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MBI Oil and Gas named in Oklahoma pipeline transaction lawsuit

A Belfield-based oil and gas company has been named in a federal lawsuit that alledges racketeering, conspiracy and fraud in the sale of a pipeline in Oklahoma.

MBI Oil and Gas LLC is one of four entities being sued in U.S. District Court by New York-based Strategic Energy Income Fund III L.P., or SEIF, which claims the parties colluded in a transaction that got around a right-to-first-refusal agreement through dubious means.

MBI Gas and Oil CEO Jim Arthaud, who is also chief executive of MBI Energy Services though the two companies are separate entities, gave no response to the claims of misconduct alleged against his and the other parties, but emphasized in a phone interview Friday that the company was not an operating partner in the pipeline.

Though papers were filed in federal court Monday, Arthaud said he wasn’t notified of the legal action until Thursday and, as of Friday morning, he said MBI Oil and Gas had yet to even be served.

“We will prevail,” Arthaud said.

Ryan Holbrook, corporate counsel for SEIF’s general partner U.S. Energy Development Corp., said the lawsuit stems back to the summer of 2014, when Kansas-based Slawson Exploration Company Inc. entered into a membership interest purchase agreement with Arkansas-based Stephens Energy Group LLC concerning working interests in leases in the Nemaha Ridge Project Area in Oklahoma.

Arthaud said MBI is a non-operating owner with about a 5 percent stake in the pipeline.

Some of these leases were served by a gas pipeline owned by Oklahoma-based Nemaha Gas Gathering LLC and managed by Swanson, with some ownership through membership interests by SEIF, MBI and Alameda Oilfield Services Trust. The latter was created under the Donald C. Swanson Irrevocable GST Trust.

Holbrook said MBI and Alameda then made a purchase agreement with Stephens for their shares of the membership interest in the pipeline, of which Nemaha Gas informed SEIF due to a provision in the operating agreement that gave all owners the guaranteed option of refusing another owner’s sale of interest in order to purchased it itself.

SEIF exercised its right to first refusal and intended on purchasing the interests, of which Alameda held 51 percent.

However, in September 2014, Holbrook said SEIF learned a day before they were to close on the purchase that Slawson and Stephens had directed Slawson’s marketing party of the gas produced to cancel their acreage dedication agreement, which subsequently nullified the marketing party’s gas gathering agreement with Nemaha Gas and damaged the value of the pipeline.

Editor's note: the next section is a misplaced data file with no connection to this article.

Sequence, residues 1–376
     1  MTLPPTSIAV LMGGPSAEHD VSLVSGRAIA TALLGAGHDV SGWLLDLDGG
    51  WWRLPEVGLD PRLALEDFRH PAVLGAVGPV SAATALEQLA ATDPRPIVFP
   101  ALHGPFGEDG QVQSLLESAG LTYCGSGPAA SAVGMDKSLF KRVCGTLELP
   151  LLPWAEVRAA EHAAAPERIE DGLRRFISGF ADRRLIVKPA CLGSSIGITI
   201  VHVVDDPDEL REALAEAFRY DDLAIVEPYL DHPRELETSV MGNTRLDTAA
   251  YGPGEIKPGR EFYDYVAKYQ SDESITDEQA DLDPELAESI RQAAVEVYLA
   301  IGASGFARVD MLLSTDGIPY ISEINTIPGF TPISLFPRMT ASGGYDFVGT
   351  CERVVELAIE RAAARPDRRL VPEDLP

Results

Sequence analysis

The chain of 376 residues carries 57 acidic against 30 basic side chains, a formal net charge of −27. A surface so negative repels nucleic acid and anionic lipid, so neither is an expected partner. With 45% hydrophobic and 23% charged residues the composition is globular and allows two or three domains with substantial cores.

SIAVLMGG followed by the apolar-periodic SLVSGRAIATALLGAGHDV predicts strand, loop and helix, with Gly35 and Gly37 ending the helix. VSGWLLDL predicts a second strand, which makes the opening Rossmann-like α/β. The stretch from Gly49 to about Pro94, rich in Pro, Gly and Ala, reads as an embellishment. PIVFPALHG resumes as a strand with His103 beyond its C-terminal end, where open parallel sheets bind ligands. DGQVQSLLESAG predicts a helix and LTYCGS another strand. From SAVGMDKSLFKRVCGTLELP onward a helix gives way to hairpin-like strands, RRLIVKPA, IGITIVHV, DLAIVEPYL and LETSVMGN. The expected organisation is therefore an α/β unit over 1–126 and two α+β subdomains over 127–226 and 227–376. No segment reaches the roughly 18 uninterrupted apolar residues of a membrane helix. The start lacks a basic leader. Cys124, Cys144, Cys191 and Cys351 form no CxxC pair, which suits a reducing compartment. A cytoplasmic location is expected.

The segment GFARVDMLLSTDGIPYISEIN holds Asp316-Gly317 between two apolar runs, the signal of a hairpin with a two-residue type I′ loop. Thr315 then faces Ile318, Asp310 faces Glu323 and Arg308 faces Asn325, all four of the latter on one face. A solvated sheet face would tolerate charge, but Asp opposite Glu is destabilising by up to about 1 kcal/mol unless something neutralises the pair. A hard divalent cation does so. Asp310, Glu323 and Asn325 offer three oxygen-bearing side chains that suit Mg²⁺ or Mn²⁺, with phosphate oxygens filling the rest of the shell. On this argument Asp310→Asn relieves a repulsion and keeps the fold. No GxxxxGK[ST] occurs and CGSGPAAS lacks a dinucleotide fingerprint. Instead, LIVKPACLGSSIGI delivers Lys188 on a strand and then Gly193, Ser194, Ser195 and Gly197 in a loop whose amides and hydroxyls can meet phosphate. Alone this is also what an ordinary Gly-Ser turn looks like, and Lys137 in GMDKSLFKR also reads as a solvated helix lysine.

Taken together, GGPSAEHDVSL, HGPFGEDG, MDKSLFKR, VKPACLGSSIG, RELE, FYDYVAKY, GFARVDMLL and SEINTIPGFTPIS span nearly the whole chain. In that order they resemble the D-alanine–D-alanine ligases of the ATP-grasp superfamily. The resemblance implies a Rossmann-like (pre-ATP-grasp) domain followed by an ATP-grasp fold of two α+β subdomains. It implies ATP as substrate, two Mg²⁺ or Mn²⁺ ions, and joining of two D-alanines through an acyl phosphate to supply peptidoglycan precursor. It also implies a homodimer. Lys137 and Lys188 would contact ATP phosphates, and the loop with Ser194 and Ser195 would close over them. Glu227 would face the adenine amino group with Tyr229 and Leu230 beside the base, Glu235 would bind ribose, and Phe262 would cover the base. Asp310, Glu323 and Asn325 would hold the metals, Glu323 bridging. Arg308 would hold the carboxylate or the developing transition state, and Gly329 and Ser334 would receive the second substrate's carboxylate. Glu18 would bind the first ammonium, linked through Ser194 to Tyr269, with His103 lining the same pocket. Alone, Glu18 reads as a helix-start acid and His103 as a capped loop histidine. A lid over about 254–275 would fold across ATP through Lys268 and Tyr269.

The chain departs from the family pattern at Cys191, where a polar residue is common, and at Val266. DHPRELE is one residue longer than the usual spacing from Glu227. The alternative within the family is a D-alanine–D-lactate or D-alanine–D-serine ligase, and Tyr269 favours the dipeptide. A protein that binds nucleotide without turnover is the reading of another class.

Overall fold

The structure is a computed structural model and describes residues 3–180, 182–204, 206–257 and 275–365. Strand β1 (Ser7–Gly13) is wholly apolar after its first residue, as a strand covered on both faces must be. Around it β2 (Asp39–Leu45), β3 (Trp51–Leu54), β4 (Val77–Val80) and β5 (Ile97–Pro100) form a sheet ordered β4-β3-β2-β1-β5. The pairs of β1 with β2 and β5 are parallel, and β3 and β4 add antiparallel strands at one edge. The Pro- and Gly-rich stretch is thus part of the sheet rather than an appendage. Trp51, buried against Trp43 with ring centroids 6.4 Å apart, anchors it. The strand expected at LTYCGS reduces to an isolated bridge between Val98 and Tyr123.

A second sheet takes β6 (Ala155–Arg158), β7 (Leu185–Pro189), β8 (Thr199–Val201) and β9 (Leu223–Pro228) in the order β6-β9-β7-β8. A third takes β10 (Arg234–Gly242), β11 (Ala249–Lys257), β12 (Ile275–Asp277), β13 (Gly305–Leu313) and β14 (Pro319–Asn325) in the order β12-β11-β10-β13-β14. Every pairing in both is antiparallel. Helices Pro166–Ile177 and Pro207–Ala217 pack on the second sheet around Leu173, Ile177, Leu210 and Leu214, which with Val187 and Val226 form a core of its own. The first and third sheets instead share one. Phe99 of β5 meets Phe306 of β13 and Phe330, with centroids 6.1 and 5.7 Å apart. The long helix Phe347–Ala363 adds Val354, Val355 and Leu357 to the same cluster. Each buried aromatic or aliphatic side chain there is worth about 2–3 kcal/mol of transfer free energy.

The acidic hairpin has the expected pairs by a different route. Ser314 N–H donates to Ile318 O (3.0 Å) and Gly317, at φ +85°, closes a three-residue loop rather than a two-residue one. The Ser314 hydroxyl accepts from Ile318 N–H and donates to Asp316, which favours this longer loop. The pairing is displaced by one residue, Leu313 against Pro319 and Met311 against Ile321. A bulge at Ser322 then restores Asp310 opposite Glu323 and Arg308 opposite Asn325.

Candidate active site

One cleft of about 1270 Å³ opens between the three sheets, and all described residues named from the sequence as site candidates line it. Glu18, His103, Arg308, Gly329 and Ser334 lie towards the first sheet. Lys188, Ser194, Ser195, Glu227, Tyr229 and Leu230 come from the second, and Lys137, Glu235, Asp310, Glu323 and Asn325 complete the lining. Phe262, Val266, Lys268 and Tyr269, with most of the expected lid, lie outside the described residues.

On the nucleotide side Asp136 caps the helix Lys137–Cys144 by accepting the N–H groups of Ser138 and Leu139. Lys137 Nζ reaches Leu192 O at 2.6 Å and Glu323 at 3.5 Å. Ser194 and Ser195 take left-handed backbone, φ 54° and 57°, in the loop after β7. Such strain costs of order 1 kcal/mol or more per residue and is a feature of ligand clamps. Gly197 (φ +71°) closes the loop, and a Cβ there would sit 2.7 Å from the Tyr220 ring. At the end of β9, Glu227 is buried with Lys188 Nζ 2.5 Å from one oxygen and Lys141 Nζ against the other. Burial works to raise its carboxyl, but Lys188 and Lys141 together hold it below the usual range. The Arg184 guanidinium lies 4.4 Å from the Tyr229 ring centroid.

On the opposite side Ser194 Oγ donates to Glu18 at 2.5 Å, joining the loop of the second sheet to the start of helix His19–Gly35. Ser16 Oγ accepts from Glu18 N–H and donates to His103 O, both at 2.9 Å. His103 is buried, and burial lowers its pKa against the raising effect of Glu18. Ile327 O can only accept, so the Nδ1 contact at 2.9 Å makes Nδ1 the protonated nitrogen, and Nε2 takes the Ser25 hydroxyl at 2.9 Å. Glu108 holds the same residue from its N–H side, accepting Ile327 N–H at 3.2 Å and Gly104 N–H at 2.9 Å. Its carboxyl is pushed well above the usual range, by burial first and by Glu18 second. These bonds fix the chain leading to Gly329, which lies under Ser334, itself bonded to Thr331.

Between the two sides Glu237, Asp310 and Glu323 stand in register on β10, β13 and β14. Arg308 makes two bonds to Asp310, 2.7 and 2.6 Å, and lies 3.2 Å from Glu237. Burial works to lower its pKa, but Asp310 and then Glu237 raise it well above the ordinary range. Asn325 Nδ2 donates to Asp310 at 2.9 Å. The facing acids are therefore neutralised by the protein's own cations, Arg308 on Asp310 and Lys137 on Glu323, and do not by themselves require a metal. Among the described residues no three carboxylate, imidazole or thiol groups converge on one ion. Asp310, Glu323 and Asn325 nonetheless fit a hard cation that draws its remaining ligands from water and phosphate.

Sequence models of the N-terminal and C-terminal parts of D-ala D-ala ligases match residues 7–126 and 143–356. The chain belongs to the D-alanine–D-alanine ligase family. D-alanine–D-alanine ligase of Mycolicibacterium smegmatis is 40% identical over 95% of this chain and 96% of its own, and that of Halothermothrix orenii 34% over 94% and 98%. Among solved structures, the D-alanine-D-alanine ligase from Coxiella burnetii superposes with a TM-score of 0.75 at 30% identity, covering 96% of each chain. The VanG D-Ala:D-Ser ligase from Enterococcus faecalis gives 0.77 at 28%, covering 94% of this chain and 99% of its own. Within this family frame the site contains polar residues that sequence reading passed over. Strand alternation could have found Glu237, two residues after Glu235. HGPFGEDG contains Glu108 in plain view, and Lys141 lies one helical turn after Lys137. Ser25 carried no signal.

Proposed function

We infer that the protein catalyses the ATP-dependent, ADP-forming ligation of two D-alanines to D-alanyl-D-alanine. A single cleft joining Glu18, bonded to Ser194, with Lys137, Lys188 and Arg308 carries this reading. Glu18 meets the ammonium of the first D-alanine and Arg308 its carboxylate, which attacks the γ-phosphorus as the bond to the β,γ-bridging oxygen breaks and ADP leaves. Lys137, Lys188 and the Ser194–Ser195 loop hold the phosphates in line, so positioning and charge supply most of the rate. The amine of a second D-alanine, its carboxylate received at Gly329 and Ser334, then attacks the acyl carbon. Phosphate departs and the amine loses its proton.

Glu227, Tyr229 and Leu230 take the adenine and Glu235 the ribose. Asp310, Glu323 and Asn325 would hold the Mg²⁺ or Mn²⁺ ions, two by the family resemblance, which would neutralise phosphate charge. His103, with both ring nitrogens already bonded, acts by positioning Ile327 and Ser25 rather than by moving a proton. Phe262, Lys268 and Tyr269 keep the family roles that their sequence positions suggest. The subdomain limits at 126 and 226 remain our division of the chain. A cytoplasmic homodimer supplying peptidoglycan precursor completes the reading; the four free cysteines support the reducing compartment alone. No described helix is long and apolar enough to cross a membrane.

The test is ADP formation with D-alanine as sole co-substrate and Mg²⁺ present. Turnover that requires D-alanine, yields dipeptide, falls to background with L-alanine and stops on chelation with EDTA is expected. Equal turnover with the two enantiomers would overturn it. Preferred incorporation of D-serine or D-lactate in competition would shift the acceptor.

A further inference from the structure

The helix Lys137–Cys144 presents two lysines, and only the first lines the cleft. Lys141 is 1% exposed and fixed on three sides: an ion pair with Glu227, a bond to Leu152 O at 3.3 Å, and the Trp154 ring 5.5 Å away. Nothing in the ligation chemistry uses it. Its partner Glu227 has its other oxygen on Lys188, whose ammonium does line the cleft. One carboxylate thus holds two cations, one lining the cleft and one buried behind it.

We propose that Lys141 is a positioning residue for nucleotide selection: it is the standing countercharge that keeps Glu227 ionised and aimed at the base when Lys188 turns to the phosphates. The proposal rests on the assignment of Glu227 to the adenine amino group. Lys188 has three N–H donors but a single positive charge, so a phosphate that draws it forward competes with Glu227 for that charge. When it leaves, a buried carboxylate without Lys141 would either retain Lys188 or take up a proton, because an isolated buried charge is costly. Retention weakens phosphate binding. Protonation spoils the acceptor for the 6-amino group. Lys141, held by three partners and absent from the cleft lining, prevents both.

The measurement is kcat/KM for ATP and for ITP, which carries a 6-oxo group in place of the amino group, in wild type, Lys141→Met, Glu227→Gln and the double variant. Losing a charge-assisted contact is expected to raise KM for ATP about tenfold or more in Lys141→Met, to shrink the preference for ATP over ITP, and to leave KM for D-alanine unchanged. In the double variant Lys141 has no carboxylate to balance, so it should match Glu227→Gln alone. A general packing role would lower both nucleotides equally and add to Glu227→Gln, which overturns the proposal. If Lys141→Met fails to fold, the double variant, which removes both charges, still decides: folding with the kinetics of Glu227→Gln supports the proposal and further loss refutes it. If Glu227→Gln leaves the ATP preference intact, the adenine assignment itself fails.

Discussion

Holbrook said SEIF and U.S. Energy demanded the reinstatement of the contracts that were in place at the time of the exercise of the right of first refusal, but to no avail. Stephens also allegedly represented to U.S. Energy that it no longer had interest in purchasing the interests in the pipeline.

Holbrook said the absence of the previous contracts made SEIF unable to purchase, with any benefit, the membership interests of Alameda and MBI.

He added that weeks after SEIF declined the purchase, the interests were sold to Stephens, and the contracts were reinstated.

“As you can see, there was something going on between those two parties to keep us from buying that pipeline, at least in our view,” Holbrook said.

Under the Racketeering Influenced and Corrupt Organizations (RICO) Act, SEIF is seeking damages from Slawson, Stephens, Alameda and MBI from the matter, though Holbrook said it still had to calculate just how much that constituted.

Andrew Wernette

Wernette came to The Dickinson Press from his home state of Michigan in April 2015 as reporter for the newspaper's energy, political, crime, courts and cops beats. Before The Press, Wernette worked at his university's newspaper as a section editor, as well as interned at a local county paper as a reporter. Outside of work, he enjoys reading, writing, cooking, taking a stroll and planning his next world travel adventure.

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